Mr. Pence told Mr. Herbert the suggestion was “duly noted” and said that mask-wearing would be a “very consistent message” from the administration.
But no such appeal was ever forthcoming from Mr. Trump, who asserted days later that the virus would “just disappear.”
Mr. Trump has offered only hedged recommendations on wearing masks and has rarely worn one himself in public; in a Fox interview that was broadcast on Sunday the president said he would not issue a national mask order, because Americans deserve “a certain freedom” on the matter.
Some of the states where outbreaks have worsened most in recent weeks are led by Republicans who spent months avoiding stringent lockdowns, in some cases because state leaders were uneasy about creating space between themselves and a president of their own party who rejected such steps. That dynamic has been particularly pronounced in Southern states like Mississippi, Alabama and Florida, where governors have either continued to resist tough public-health restrictions or have only recently and partially embraced them.
A few Republicans have grown more open with their misgivings about Mr. Trump’s approach, including Gov. Asa Hutchinson of Arkansas, who said this month that he would require people to wear masks at any Trump rallies in his state. After issuing a broad mask mandate last week, Mr. Hutchinson said on the ABC program “This Week” on Sunday that an “example needs to be set by our national leadership” on mask-wearing.
Gov. Mike DeWine of Ohio, a Republican, in an interview on “Meet the Press” on NBC, did not answer directly when asked if he had confidence in Mr. Trump’s leadership in the crisis. Mr. DeWine said he had confidence “in this administration” and praised Mr. Pence for “doing an absolutely phenomenal job.”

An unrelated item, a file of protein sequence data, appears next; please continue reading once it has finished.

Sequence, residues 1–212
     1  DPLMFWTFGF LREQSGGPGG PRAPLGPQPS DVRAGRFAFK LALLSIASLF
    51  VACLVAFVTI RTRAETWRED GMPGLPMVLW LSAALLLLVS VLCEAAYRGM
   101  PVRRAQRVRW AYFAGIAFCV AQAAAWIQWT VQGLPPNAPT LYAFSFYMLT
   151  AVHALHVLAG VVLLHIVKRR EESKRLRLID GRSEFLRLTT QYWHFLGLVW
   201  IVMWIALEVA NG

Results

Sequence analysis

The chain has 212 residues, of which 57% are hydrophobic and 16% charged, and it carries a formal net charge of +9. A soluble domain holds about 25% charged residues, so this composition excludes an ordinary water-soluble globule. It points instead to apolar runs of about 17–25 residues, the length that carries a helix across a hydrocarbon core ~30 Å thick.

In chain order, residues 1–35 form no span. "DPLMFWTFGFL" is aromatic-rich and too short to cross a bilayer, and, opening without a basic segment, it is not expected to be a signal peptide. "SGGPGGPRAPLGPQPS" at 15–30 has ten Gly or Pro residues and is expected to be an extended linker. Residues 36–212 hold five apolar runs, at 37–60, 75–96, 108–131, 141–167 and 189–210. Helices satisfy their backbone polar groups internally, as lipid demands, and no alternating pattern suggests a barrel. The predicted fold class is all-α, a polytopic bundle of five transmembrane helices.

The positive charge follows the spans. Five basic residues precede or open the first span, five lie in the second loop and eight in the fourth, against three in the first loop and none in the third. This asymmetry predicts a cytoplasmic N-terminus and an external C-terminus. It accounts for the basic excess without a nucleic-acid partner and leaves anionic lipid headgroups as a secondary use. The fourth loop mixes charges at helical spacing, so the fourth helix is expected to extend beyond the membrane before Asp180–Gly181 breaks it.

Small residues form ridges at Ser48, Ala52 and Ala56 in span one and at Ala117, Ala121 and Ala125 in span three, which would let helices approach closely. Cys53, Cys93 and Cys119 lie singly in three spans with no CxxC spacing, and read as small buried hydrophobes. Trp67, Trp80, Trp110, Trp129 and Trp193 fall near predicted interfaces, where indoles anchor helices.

Judd Deere, a White House spokesman, rejected criticisms of Mr. Trump’s approach.
“Any suggestion that the president is not working around the clock to protect the health and safety of all Americans, lead the whole-of-government response to this pandemic, including expediting vaccine development, and rebuild our economy is utterly false,” Mr. Deere said in a statement.
With only a few exceptions, Republicans have avoided direct confrontation with Mr. Trump. They’ve come to view public criticism as an exercise in political futility — one guaranteed to produce a sour response from Mr. Trump without any chance of changing his behavior.
But many Republican lawmakers have grown exasperated with the administration’s conflicting messages, the open warfare within Mr. Trump’s staff and the president’s demands that states reopen faster or risk punishment from the federal government.
Senator Ben Sasse, Republican of Nebraska, said he wanted the administration to offer more extensive public-health updates to the American people, and condemned the open animosity toward Dr. Fauci by some administration officials, including Peter Navarro, the trade adviser, who wrote an opinion column attacking Dr. Fauci, the nation’s top infectious disease expert.
“I want more briefings but, more importantly, I want the whole White House to start acting like a team on a mission to tackle a real problem,” Mr. Sasse said. “Navarro’s Larry, Moe and Curly junior-high slap fight this week is yet another way to undermine public confidence that these guys grasp that tens of thousands of Americans have died and tens of millions are out of work.”
Senator Roy Blunt, Republican of Missouri, was more succinct: “The more they turn the briefings over to the professionals, the better.”
A group of Republican governors have for months held regular conference calls, usually at night and without staff present, according to two party strategists familiar with the conversations. Unlike the virus-focused calls that Mr. Pence leads, there are no Democratic or White House officials on the line, so the conversations have become a sort of safe space where the governors can ask their counterparts for advice, discuss best practices and, if the mood strikes them, vent about the administration and the president’s erratic leadership.